Killers Five (1969)

Killers Five [豪俠傳] (1969)

Starring Tang Ching, Li Ching, Ku Feng, Cheng Miu, Wang Kuang-Yu, Tang Ti, Yeung Chi Hing, Carrie Ku Mei, Ou-Yang Sha-Fei, Tien Feng, Lau Leung-Wa, Wong Ching-Wan, Poon Oi-Lun

Directed by Cheng Kang

Expectations: High. Cheng Kang usually delivers.


The Duke’s daughter has been kidnapped by bandits! Are you a bad enough dude to rescue the duke’s daughter? That’s the question asked of our heroes in Killers Five and the answer is a resounding yes. Killers Five is debatably the best martial arts/action film to be produced by the Shaw Brothers up to this point. It includes everything I could want in a movie, providing entertainment at every turn. I went in expecting fights and intrigue, but I also got fun & charismatic characters, wonderful performances, awesome traps, suspenseful thrills, shocking double-crosses, over-the-top gore and absolute sophistication behind the camera. This movie is just flat-out awesome.

Unlike so many 60s Shaw Brothers martial arts films, Killers Five doesn’t fuck around with lengthy plot exposition and slow-moving narrative. The duke’s daughter is kidnapped and within a minute or so, our main hero played by Tang Ching is on a quest to create a martial team badass enough to take on the evil bandit lord Jin Tianlong (Tang Ti) who’s taken the duke daughter to his fortress on Mt. Jinlong. The film takes on something of a Western vibe, or even The Seven Samurai, during this section as the hero travels around the countryside collecting the best people for the job.

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The Jade Raksha (1968)

The Jade Raksha [玉罗刹] (1968)

Starring Cheng Pei Pei, Tang Ching, Yeung Chi Hing, Fan Mei-Sheng, Ku Feng, Wong Ching-Wan, Lui Hung, Man Sau, Nam Wai-Lit, Siu Lam-Wun, Kong Lung

Directed by Ho Meng-Hua

Expectations: High, Ho Meng-Hua usually delivers.


The Jade Raksha is just another Cheng Pei-Pei revenge movie on the surface, but there is something a little more interesting than that underneath its clichéd exterior. While the fights are nothing particularly special and the choreography is even less notable, the twists and the turns of the script and the character’s journey really do work their way into your heart and by the end you’re reveling in wonderful secrets finally exposed and smiling right along with the characters. This one’s definitely only for the fans, but those that seek it out will find a competent, fun movie, even if it is somewhat average and forgettable overall.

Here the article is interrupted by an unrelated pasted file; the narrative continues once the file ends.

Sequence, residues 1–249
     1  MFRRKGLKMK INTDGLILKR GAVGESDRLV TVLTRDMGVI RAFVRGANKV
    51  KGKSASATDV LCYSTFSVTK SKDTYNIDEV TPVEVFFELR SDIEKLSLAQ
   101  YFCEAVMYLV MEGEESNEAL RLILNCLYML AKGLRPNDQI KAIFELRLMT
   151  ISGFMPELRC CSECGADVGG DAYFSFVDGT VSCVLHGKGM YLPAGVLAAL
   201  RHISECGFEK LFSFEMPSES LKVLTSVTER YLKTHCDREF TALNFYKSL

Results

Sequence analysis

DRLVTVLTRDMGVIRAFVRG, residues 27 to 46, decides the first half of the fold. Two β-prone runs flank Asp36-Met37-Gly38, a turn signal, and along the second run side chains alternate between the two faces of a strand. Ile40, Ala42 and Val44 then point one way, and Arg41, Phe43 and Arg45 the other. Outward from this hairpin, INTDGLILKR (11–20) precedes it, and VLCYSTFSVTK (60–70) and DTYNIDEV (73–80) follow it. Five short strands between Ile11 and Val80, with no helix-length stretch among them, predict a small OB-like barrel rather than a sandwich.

Cheng Pei-Pei plays the Jade Raksha, a swordswoman out for revenge posing as a legendary ghost to get to her victims. She goes around the countryside murdering anyone with the surname Yan, because when she was a small child, a man bearing that name killed her entire family and left her for dead. Early in the film she meets up with the savvy Xu Ying Hao (Tang Ching), who quickly identifies her and strikes up a friendship. Xu has a quest of his own, to find the man who murdered his father many years prior. The two vengeance seekers quickly find that their task won’t be as straightforward as they thought, when friendships and allegiances get in the way.

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The Magic Blade (1976)

The Magic Blade [天涯明月刀] (1976)

Starring Ti Lung, Lo Lieh, Ku Feng, Tang Ching, Ching Li, Lily Li Li-Li, Fan Mei-Sheng, Chan Shen

Directed by Chor Yuen

Expectations: High.


My expectations for this were just soaring after watching Shaolin Intruders. The two films have absolutely nothing to do with each other except that they’re both Shaw Bros. pictures and Tang Chia choreographed the fights, but you could connect most any Shaw Bros. film with that logic. Needless to say, I was let down. The Magic Blade is an interesting movie as it doesn’t really contain a magic blade. You might expect there to be one in a film titled The Magic Blade, but not in this film. There is the rather neato blade that Ti Lung uses throughout the film, but magic isn’t exactly the adjective I’d use to describe it. It’s on a harness attached to his arm that allows it to spin when he wants it to, but it isn’t really used all that much in the film so don’t get too worked up about it. This is possible magic blade candidate number one. Number two is where I’m placing my money though, as the film revolves around everyone trying to get a hold of it. The weapon in question is the mysterious Peacock Dart, a weapon so powerful that — well, I’ll let them explain it.

“The Dart when hurled, emits mysterious and beautiful rays, and the victim dies in a mysterious way.”

“And no one is immune to it.”

After which the dart is thrown, resulting in multiple explosions of light and smoke that very conveniently kill only the hero’s enemies. No one is immune to movie logic either I guess. Anyway I don’t mean to complain, that shit was fun to watch.

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